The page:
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Hillary Clinton: Gore-Lieberman best for America

Clintons will not steal convention limelight

LOS ANGELES (CNN) -- Hillary Rodham Clinton says she and her husband are not stealing the spotlight from all-but-crowned presidential nominee Al Gore and plans to tell Democrats on Monday "why a Gore-Lieberman administration would be the best thing for America."

In an exclusive CNN interview that aired Sunday, the first lady dismissed criticism of lavish weekend galas in Los Angeles to raise money for Mr. Clinton's presidential library and her U.S. Senate bid from New York as Gore winds his way westward on a campaign tour that will bring him to California Wednesday, the day before his acceptance speech.

"The other party offers a recipe for going back to the past," she said of the Republican party agenda. "They wrap it up in the talk of the future and nice-sounding rhetoric, but if you look at their economic plans and where they stand on other important issues like education and health care, it's really a sound for retreat."

Asked how she responds to critics who say the first couple's fund-raisers are overshadowing Gore's -- and his running mate, Connecticut Sen. Joe Lieberman's -- big moment, Mrs. Clinton said, "Of course that's not the case. We are trying to shine the spotlight on Al and Joe by talking about the issues that they stand for."

But this weekend, the Clintons are in Hollywood's limelight. Saturday night, President Clinton served as master of ceremonies for the star-studded "New York Senate 2000 Hollywood Gala Salute, Concert Tribute to the President" that was billed as a $1 million fund-raiser for his wife, but was expected to generate at least three times as much.

"I want you all to know that for me this was not only the greatest honor of my life, but every day, even the bad days, were good days -- as long as I remembered who hired me and what I was doing there," the president told the celebrity crowd.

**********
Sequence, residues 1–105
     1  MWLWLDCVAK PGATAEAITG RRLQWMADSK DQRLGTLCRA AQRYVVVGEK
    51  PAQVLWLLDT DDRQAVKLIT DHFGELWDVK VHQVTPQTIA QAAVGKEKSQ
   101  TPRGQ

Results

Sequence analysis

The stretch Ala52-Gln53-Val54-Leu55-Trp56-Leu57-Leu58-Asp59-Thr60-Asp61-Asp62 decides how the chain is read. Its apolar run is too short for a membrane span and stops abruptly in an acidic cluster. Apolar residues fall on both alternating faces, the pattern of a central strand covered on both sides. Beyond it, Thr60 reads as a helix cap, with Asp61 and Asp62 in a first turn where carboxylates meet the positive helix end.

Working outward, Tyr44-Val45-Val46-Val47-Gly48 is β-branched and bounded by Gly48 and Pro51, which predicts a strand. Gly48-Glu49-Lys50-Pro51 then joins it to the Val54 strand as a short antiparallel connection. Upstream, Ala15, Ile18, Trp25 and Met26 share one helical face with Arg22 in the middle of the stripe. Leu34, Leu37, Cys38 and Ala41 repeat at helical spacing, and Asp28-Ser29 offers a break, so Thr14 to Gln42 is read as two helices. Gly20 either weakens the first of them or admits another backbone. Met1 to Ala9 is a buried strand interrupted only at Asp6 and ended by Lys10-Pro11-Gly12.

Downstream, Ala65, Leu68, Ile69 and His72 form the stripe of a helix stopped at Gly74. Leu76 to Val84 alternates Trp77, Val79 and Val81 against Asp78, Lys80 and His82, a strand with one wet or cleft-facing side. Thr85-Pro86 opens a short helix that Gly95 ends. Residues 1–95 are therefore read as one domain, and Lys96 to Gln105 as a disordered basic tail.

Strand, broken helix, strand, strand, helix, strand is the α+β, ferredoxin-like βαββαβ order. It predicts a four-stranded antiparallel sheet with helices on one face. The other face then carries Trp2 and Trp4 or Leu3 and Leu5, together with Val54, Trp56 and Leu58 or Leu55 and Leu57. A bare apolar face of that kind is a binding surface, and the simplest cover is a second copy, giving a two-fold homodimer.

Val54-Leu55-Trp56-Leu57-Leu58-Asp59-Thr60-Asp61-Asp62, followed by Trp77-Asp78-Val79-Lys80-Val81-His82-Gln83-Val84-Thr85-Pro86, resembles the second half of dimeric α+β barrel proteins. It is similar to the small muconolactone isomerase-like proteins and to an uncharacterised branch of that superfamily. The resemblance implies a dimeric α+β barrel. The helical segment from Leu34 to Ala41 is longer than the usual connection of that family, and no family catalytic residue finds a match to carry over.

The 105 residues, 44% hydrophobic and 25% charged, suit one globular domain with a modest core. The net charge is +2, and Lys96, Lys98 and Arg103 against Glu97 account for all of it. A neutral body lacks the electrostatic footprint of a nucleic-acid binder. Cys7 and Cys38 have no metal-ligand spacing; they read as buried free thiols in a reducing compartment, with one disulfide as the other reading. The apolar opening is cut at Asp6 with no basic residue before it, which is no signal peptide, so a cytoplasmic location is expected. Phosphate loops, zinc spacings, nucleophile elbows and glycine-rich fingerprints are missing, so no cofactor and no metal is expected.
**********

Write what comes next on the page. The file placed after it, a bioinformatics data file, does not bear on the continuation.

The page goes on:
Sunday, it was a brunch featuring singer Barbra Streisand, a longtime friend of the couple, that was expected to raise a cool $10 million for a planned presidential library in Arkansas.

Mrs. Clinton said her husband's legacy is that he "restored our economic well-being and our national spirit," and his partnership with Gore "has really positioned America well for the 21st Century."

She said that at the start of the Clinton administration in 1993, "there was a lot of work to be done. Now we're in a very strong position here at home and around the world, and the question is, 'What are we going to do with that?'"

Addressing the president's legacy in an interview to be aired on CNN's "Larry King Live" program Monday, Mrs. Clinton said she didn't "have anything to add" to her husband's latest mea culpa -- in a discussion with ministers Thursday -- on his affair with former White House intern Monica Lewinsky.

"I think that what's important at this convention and this election is the future," she said. "It's very clear to me that if you look at the public record of this administration and what Clinton and Al Gore have meant to America and the world, then this shouldn't be a close election ... We need to get people to focus on what's at stake in their lives and what the decisions are going to be."


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